A theory of divine ideas was the standard Scholastic response to the question how does God know and produce the world? A theory was deemed to be successful only if it simultaneously upheld that God has perfect knowledge and that he is supremely simple and one. In articulating a theory of divine ideas, Carl Vater answers two sorts of questions. First, what is an idea? Does God have ideas? Are there many divine ideas? What sort of existence does an idea enjoy? Second, he answers questions about the scope of divine ideas: does God have ideas of individuals, species, genera, accidents, matter, evil, etc.? How many divine ideas are there?
These questions cause the Scholastic authors to articulate clearly, among other things, their positions on the nature of knowledge, relation, exemplar causality, participation, infinity, and possibility. An author’s theory of divine ideas, then, is the locus for him to test the coherence of his metaphysical, epistemological, and logical principles. Many of the debates over divine ideas have their roots in disagreements over whether a given theory adequately articulates one of the underlying positions or the overall coherence of those positions. Peter John Olivi, for example, argues that his predecessors’ theories of knowledge and theories of relations are at odds, and this critique results in a major shift in theories of divine ideas.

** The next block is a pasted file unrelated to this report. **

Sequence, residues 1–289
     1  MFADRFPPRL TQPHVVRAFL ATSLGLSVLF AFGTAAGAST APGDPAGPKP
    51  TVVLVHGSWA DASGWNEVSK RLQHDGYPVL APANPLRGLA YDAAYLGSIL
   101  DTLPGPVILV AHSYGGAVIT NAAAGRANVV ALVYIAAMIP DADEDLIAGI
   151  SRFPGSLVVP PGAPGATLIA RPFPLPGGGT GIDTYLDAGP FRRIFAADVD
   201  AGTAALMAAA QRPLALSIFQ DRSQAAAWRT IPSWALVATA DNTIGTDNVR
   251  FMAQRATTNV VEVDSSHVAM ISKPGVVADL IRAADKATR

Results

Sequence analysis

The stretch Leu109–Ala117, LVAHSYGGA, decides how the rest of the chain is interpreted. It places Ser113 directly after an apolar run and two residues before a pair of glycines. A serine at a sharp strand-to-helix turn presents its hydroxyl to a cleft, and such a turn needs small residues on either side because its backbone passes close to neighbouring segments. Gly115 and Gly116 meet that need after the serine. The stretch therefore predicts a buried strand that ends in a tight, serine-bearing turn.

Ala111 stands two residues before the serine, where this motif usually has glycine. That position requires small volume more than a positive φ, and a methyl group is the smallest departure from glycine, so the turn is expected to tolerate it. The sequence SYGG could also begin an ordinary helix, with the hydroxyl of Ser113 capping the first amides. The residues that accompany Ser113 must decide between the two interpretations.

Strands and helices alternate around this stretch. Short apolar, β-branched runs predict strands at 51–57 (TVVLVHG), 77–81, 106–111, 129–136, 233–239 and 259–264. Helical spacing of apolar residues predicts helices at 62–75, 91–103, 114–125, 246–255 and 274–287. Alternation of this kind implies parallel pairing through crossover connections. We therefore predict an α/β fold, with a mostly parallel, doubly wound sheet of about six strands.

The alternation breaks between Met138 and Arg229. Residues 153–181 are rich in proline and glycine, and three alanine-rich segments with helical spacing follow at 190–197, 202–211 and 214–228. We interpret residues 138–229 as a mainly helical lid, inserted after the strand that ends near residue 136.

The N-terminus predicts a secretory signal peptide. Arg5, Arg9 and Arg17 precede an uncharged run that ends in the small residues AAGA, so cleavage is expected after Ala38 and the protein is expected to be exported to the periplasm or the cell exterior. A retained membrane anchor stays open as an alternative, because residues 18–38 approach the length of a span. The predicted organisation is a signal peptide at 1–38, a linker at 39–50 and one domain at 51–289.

God's Knowledge of the World examines theories of divine ideas from approximately 1250–1325 AD (St. Bonaventure through Ockham). It will be the only work dedicated to categorizing and comparing the major theories of divine ideas in the Scholastic period.
"Many articles have been published on the individual thinkers considered here, as well as important biographies and monographs on them and on their thought. But book-length considerations of the theory of divine ideas are rare, even for any of these thinkers individually. This book fills a gap in the scholarly literature and as such is significant. The bigger names will normally be considered – Bonaventure, Aquinas, Scotus and Ockham – but the supporting cast is not so often given attention."~Vivian Boland, OP, Pontifical University of St. Thomas (Rome)